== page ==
US 4934586 A
An arched clamshell type carton formed from a one piece blank of paperboard having cut lines and score lines. The bottom of the carton is square, with each of two opposite sidewalls having spaced apart, coplanar ears, each of the latter being semicircular. The other two opposite sidewalls of the bottom are elongated and are each bent around the edges of respective opposite, aligned ears. The ends of these latter walls carry hooks and also handle forming panels, the hooks being each engaged with a respective latching flap positioned between respective pairs of ears.
1. A unitary blank of paperboard for forming an arched clamshell carton, the blank having both a longitudinal and a transverse axis of mirror symmetry, the blank including cut and fold lines, the blank including a central, rectangular, bottom forming panel having a transversely extending side forming panel at both its upper and lower edges, each side forming panel having a pair of semicircular, spaced ears between which is positioned an apertured latching flap, each said side forming panel having a pair of longitudinally extending glue flaps hinged thereto, a longitudinally extending top and side forming panel at each left and right edge of said central panel, said top and side forming panels each terminating in an apertured, handle forming panel, the latter panels each carrying two hooks.
2. The blank of claim 1 wherein each handle forming panel carries a hook at each upper and lower end thereof.
3. The blank of claim 1 wherein the transverse width of each top and side forming panel is greater along its central portion than at its ends, the longitudinal extent of said central portion being substantially equal to the perimeter of said ears.
4. The blank of claim 1 wherein each of said latching flaps are bendable out of the plane of their said side forming panels.
5. An arched clamshell carton formed from a unitary blank of paperboard, said carton including a rectangular bottom panel having a side wall extending substantially upwardly from each of its edges to thereby define four sidewalls, two opposite sidewalls each being provided with a pair of spaced apart, coplanar semicircular ears, an apertured latching flap positioned between each pair of said ears, the remaining two opposite side walls each extending upwardly and horizontally and then curved downwardly and terminating in a substantially vertically extending and apertured handle panel, said handle panels being in surface to surface contact, each of said handle panels having a pair of hooks on opposite ends thereof, said hooks also being in surface to surface contact to thereby define two hooks each of double thickness of paperboard, each double thickness hook extending in a respective aperture of said latching flap, the top cover of the carton being in the form of a pair of parallel, semicylindrical members, each of said latching flaps being bendable out of the plane of its respective side panel to thereby permit closing and opening of the top of the carton.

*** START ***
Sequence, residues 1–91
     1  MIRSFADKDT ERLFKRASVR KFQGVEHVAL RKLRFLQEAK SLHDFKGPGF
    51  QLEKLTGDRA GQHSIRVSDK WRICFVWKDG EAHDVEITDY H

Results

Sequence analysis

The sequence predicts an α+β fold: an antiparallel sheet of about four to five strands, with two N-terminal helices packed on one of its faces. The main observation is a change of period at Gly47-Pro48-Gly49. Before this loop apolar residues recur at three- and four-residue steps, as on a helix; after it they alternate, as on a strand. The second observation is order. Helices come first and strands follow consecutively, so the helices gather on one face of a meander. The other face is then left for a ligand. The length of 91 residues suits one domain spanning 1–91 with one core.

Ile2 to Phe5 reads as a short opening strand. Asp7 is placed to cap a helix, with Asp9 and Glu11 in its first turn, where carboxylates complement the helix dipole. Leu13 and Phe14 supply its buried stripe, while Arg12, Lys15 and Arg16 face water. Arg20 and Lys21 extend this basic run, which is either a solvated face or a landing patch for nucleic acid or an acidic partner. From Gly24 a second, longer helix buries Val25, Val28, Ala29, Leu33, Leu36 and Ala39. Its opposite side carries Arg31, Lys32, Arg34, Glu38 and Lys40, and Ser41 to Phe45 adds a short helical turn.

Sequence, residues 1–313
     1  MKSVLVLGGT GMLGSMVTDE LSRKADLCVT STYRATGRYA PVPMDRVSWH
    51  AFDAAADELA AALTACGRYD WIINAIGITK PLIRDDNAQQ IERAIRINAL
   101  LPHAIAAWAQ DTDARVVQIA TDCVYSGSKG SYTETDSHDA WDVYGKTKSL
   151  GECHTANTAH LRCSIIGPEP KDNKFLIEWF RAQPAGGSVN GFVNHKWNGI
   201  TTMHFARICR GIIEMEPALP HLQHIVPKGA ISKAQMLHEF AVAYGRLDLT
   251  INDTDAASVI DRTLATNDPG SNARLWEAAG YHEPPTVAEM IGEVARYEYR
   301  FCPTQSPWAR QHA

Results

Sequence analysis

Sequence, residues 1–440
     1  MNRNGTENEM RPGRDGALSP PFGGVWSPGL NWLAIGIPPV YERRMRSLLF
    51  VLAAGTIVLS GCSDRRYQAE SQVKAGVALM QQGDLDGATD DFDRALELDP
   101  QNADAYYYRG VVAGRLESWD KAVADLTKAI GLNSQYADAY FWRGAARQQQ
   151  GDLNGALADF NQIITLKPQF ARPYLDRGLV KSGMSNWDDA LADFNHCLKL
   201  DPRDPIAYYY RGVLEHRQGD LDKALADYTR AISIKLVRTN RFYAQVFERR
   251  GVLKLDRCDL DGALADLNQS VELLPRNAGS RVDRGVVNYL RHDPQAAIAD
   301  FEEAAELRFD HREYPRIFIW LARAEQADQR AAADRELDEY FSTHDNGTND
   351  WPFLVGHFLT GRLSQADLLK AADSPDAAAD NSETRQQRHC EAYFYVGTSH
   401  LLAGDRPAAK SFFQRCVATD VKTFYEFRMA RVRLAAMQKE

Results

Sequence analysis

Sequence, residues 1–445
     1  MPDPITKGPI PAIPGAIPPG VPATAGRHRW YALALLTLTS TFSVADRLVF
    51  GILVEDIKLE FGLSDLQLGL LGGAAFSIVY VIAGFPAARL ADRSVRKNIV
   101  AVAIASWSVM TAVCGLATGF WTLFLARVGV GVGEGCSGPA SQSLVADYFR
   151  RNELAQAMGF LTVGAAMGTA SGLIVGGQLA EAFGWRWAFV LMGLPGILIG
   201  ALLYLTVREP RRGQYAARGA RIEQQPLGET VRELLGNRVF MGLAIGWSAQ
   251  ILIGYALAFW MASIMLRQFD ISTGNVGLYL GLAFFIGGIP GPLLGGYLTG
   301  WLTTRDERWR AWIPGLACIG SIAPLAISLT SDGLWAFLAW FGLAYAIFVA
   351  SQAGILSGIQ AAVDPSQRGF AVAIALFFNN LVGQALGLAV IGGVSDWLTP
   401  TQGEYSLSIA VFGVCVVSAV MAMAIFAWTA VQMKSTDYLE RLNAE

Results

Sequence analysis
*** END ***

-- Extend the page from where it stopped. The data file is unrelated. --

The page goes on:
6. The carton of claim 5 wherein the length of each of said semicylindrical carton covers is greater than the side of the bottom of the carton from which they extend.
7. The carton of claim 5 wherein the peripheries of respective opposite, aligned pairs of said ears engage interior surface portions of a respective semicylindrical top cover member.